I have an application which processes HTTP requests, and it prints out certain information about the request as it processes it to stdout. In this scenario, I have run disown -h and disown on the process, after backgrounding it. It still continues to print to stdout, which is expected. Further, this process is started within an SSH session. Assume I have flaky internet access, and after doing all of the above, the connection is interrupted, without SSH being aware that this has occurred. Naturally, this takes a few moments before SSH is actually aware that the connection has interrupted.

During this time, the application starts to experience timeouts when processing requests, until the SSH session actually dies. Is this due to buffering issues involving its writing to stdout when the PTY no longer is exists?

  • If you're disowning the process, it no longer cares about the terminal incorporated into your shell, so that should not be relevant to any issues. – DopeGhoti Dec 27 '16 at 23:11
  • That's what I had thought, too, but there definitely was erratic app behavior during the limbo where the SSH session was still alive despite being disconnected, so I was curious for the perspective of someone who has gone deep into the weeds of buffered I/O for terminals relative to PTYs. – drheart Dec 27 '16 at 23:23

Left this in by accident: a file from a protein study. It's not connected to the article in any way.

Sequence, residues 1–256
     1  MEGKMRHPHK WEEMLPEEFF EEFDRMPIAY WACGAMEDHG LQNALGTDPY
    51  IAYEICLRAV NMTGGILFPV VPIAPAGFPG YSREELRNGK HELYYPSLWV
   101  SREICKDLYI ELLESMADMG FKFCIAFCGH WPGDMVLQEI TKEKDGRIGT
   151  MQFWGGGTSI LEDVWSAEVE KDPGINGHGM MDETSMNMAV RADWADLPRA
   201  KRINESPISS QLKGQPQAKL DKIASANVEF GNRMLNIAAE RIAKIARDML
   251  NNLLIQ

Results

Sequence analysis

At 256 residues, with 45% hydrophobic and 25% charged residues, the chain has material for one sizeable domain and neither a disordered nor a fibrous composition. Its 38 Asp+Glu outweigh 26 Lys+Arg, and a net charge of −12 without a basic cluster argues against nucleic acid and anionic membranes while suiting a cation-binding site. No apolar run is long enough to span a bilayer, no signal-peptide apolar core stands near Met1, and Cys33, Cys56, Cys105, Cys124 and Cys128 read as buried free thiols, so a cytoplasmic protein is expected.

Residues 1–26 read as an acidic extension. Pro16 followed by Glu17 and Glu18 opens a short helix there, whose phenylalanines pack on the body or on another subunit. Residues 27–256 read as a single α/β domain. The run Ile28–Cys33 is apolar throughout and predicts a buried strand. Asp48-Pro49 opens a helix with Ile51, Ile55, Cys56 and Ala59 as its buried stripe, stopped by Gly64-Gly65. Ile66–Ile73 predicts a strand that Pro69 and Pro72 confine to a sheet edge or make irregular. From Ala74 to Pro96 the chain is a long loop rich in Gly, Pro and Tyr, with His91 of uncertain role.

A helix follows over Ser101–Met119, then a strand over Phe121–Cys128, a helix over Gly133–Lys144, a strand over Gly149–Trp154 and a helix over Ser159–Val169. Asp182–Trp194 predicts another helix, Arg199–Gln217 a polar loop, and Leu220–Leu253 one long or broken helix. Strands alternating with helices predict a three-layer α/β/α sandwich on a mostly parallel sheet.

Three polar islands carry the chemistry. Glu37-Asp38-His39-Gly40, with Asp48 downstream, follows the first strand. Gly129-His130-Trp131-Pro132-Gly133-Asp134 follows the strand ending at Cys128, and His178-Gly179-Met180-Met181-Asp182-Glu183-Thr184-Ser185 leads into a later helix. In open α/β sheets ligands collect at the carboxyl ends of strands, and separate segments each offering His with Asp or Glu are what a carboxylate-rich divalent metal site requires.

• Terminals are not incorporated into shells. Are these HTTP requests going over the same flaky network connection that your SSH session is? – JdeBP Dec 28 '16 at 0:40

disown will prevent your application from receiving a SIGHUP signal when SSH exits. However, if the application subsequently writes to a pty that has been revoked, it will receive a SIGPIPE signal. Unless you are handling or ignoring SIGPIPE, it will kill your application by default.

If the application does handle SIGPIPE then its attempts to write will return an error status, and then it's up to the application whether it ignores the error, aborts or does something else. (Ignoring errors is rarely wise.)

If you just want the easiest way to prevent your application from dying, and don't want to redirect it to a file, consider running it inside screen, or tmux, or else using mosh instead of ssh.

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